Gordon Forbes, who was a long-time football writer and editor for USA Today, Sports Illustrated and the Philadelphia Inquirer, likes to update his 2002 best-seller “Tales From the Philadelphia Eagles Sideline.” He produced the first edition of the book in 2002. Then he came out with updated editions in 2006 and 2011. Now he’s ready to release his “Chip Kelly era” edition.
If you can get your hands on the 2011 edition of the book, you will enjoy the read. It really gives you a solid background in the history of not only the recognizably great Eagles players of the past, but also a lot of the players who are perhaps lesser-known, maybe because their team was often stuck in a clunker year.
I’ve seen the hardcover version of the 2011 edition of this book advertised for as little as $15 in some discount book websites. It should be a reasonably easy get if you look for it on-line.
I can’t wait to see Gordon Forbes’ take on Chip Kelly. Forbes really gets into a lot of the head coaches’ sideline stories in his previous editions. He has an especially revealing look inside the world of Eddie Khayat, who tried to mold the pop-star wanna-be 1971 Eagles into a para-military culture (no facial hair allowed!).
I don’t want to give too much away about the book lest I spoil your first read of the newer versions. But here is just a sample of some things you probably didn’t know about the Eagles which are found in Forbes’ book:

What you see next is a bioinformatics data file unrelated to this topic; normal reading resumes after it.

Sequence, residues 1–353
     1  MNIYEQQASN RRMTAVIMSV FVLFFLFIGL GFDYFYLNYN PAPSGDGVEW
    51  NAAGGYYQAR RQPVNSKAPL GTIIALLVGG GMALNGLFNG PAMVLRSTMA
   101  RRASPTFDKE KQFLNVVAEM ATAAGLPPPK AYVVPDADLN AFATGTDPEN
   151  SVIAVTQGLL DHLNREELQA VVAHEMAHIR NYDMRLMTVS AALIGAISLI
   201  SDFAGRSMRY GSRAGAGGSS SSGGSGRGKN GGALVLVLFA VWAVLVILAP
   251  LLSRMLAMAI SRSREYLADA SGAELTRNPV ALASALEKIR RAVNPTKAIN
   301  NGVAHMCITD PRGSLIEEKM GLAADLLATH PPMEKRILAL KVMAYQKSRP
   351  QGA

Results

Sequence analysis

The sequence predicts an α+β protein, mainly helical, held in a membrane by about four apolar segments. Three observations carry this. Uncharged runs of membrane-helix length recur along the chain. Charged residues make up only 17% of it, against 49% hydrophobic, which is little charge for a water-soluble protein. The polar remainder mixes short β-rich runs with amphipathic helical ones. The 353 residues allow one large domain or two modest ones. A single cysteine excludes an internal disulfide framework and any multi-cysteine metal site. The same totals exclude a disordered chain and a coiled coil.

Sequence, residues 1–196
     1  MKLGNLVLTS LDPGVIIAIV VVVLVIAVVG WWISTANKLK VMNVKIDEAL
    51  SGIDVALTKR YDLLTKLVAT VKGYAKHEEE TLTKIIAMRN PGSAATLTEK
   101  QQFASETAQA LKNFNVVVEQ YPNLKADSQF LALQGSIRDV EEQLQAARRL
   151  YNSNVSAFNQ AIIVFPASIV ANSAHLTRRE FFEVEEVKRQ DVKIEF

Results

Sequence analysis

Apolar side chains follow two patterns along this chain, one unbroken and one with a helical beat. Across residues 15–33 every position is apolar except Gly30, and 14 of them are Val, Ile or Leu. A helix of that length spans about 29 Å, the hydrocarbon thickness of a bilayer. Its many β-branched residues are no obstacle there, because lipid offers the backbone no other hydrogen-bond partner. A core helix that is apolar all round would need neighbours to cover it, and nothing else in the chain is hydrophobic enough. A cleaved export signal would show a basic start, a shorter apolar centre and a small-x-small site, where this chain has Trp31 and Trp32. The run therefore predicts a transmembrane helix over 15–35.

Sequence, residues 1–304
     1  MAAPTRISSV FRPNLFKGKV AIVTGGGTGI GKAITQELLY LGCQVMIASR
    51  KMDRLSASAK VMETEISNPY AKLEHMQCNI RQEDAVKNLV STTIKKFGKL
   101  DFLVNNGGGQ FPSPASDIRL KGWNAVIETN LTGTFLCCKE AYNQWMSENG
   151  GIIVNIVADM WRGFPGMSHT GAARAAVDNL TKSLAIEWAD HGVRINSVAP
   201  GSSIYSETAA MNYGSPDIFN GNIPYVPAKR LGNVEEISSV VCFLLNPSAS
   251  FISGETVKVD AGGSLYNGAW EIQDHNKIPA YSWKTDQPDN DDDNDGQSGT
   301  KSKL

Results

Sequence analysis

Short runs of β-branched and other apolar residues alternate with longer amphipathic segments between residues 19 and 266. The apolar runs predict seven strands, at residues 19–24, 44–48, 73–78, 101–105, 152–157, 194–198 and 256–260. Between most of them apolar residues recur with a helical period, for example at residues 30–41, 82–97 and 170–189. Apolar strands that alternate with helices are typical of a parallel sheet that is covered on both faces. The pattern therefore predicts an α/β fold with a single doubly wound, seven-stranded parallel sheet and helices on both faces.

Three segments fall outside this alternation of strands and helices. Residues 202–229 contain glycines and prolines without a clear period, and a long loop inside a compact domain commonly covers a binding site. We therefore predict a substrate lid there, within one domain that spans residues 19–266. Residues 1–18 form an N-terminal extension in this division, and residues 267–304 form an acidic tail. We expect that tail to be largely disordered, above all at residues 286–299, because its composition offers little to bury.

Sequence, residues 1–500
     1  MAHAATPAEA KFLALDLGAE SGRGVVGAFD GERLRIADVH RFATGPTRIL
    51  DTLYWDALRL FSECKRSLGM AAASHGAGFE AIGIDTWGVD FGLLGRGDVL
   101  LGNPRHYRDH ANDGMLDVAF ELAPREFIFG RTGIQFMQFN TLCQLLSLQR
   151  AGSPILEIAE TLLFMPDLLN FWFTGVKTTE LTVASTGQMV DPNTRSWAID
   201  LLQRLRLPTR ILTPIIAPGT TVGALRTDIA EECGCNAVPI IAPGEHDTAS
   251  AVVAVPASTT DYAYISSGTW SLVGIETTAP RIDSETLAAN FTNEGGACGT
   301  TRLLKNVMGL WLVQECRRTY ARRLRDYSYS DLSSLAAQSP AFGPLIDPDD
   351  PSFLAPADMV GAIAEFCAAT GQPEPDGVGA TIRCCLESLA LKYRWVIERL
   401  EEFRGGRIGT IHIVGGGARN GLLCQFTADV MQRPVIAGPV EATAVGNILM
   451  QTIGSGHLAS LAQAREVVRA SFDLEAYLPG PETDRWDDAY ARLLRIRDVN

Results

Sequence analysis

-Jon Brooks, a guard drafted as a 2nd-rounder in 1967, said he dropped the “h” in his first name so he could be even quicker. (Yep, you guessed it, “Jon” was cut in his rookie year…)
-Dave Lloyd, the starting middle linebacker for the Eagles in the mid-’60s, never lifted weights, preferring to boast about his “natural strength”…
-John Carlos, the Olympic sprinter, was a 15th-round draft pick by the Eagles in 1970. But he tore up his knee during an OTA. The Eagles tried to develop him into a kick returner, but it never worked out because of Carlos’ hands of stone.
-Buddy Ryan often changed quarterbacks, sometimes using Ron Jaworksi on the first 2 downs and Randall Cunningham on 3rd down. Jaws told Forbes there were never any bad feelings about that—he said he and Randall just high-fived each other as they traveled to and from the bench, and pretended they were tag-team wrestlers.
There’s so much more material than that kind of thing in the book. It’s only 185 pages in length, but Forbes gets a lot of information into some very concise reporting.
(The publisher is Sports Publishing, based in New York, and the ISBN is 978-1-61321-028-4.)